Wednesday
Oct262016

Despite setbacks, Beyond Nuclear and allies continue to challenge high-level radioactive waste generation, storage, transport, and dumping!

Maps showing the national and TX-specific routes for commerical irradiated nuclear fuel railway shipments to WCS.Despite setbacks, Beyond Nuclear and our allies are not backing down on high-level radioactive waste.

First, the setbacks. On June 3rd, a three-judge D.C. Ciruit Court of Appeals panel issued an outrageous ruling against us, and our environmental coalition partners, instead backing the U.S. Nuclear Regulatory Commission's (NRC) absurd "Nuclear Waste Confidence" (as in Con Game) policies. Beyond Nuclear responded to the outrageous ruling on June 6th, and the coalition appealed en banc, to the full 13-judge D.C. Circuit Court of Appeals, on July 18th.

Incredibly, on August 8th, the full 13-judge D.C. Circuit simply supported the outrageous ruling.

But we've not let these injustices slow down our challenges to high-level radioactive waste risks and illegalities.

On Wednesday, Oct. 26th, Beyond Nuclear and allies (Nuclear Information Resource Service, Public Citizen, and SEED Coalition) sent a letter to NRC, urging it stop reviewing a license application by Waste Control Specialists, LLC (WCS) to construct and operate a de facto permanent parking lot dump for commercial irradiated nuclear fuel in Andrews County, west Texas. (See maps of national and Texas transport routes to WCS; see a larger version here.)This is required, because the application, and its review, are illegal, in several regards.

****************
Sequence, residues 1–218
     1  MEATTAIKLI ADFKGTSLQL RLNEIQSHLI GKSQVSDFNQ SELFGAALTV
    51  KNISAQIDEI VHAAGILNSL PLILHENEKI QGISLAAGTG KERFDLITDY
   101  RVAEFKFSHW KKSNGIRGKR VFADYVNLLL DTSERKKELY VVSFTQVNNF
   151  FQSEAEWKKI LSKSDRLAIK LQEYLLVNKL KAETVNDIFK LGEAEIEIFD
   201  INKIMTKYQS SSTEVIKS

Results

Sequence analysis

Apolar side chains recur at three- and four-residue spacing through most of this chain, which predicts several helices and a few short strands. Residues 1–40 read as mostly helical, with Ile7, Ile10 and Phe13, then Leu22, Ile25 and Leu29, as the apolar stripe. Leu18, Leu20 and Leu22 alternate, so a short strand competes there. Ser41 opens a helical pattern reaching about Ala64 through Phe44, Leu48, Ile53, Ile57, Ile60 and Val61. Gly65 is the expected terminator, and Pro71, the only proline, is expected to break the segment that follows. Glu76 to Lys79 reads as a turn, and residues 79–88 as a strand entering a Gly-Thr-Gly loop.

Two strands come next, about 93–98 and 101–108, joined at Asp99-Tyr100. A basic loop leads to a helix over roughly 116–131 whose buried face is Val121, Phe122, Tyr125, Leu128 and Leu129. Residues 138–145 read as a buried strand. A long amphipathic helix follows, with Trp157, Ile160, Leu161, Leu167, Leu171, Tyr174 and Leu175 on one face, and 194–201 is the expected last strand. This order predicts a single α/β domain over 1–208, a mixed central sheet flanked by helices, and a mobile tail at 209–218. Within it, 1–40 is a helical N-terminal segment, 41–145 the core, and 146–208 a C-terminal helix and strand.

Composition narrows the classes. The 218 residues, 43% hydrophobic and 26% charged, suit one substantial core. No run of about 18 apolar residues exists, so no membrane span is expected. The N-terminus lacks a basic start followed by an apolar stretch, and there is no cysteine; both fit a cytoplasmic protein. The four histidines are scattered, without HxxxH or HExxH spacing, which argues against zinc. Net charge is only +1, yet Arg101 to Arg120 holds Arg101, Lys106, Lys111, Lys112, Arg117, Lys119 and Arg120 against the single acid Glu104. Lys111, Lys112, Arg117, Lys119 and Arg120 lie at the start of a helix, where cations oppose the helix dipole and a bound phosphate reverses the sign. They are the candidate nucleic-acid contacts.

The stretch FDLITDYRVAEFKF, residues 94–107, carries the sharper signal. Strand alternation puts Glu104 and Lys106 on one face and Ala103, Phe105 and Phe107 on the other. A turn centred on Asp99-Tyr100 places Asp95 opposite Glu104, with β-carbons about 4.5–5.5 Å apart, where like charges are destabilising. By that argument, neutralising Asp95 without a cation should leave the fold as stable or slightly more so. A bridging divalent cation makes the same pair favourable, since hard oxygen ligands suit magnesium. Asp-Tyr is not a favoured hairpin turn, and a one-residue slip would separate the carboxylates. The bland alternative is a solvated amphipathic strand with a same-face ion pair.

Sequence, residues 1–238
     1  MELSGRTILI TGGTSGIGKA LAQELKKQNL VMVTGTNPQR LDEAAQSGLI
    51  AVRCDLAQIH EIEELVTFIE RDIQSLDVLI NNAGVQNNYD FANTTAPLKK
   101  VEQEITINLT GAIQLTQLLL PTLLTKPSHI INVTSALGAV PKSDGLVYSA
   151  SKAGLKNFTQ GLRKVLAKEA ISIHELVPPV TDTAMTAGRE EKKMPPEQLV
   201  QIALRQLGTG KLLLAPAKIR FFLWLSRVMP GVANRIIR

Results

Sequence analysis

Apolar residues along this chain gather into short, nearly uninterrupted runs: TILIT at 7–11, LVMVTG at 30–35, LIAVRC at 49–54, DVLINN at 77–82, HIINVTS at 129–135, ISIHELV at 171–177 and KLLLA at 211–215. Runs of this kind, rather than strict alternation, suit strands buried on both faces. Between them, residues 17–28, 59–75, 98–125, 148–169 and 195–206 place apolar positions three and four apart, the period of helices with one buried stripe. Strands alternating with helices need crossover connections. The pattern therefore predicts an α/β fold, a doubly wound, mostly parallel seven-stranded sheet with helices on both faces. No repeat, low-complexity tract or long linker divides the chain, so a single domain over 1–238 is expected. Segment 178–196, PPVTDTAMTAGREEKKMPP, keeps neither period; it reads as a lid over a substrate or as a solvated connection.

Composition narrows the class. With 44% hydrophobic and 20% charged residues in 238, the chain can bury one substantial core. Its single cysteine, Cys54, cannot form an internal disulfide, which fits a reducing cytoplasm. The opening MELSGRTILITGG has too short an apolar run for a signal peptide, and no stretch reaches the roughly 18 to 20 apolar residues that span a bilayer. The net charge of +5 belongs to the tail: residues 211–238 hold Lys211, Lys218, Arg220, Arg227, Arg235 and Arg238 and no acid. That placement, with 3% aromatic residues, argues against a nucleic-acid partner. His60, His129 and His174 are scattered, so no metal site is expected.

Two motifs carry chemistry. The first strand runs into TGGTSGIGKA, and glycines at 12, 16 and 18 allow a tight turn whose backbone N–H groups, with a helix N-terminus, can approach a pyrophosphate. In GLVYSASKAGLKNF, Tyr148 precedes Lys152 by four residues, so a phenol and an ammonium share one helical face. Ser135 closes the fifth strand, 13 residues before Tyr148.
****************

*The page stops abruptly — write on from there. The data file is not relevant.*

On Thursday, Oct. 27th, the environmental coalition issued a press release.

Beyond Nuclear's Radioactive Waste Watchdog, Kevin Kamps, was quoted:

“By requiring a permanent deep geological repository to be operating before centralized interim storage could be opened, Congress wanted to prevent the very real danger of a de facto permanent parking lot dump – a nuclear waste storage site that would be designed for the short-term but be there forever," said Kevin Kamps, radioactive waste specialist, Beyond Nuclear. He added: “WCS is a cynical shell game and taxpayers are sure to lose. Congress was right that liability for the costs of storing commercial irradiated nuclear fuel belongs with the generators and should not be shifted onto the backs of the American public.”

On all of these high-level radioactive waste regulatory and legal matters, Beyond Nuclear and its environmental coalition allies are served by legal counsel Diane Curran of Harmon, Curran, Spielberg + Eisenberg, LLP of Washington, D.C., as well as Mindy Goldstein of Turner Environmental Law Clinic at Emory University in Atlanta, GA.

Monday
Jun062016

Beyond Nuclear response to U.S. Court of Appeals for the D.C. Circuit panel ruling in NY v. NRC II, the Nuclear Waste Confidence Lawsuit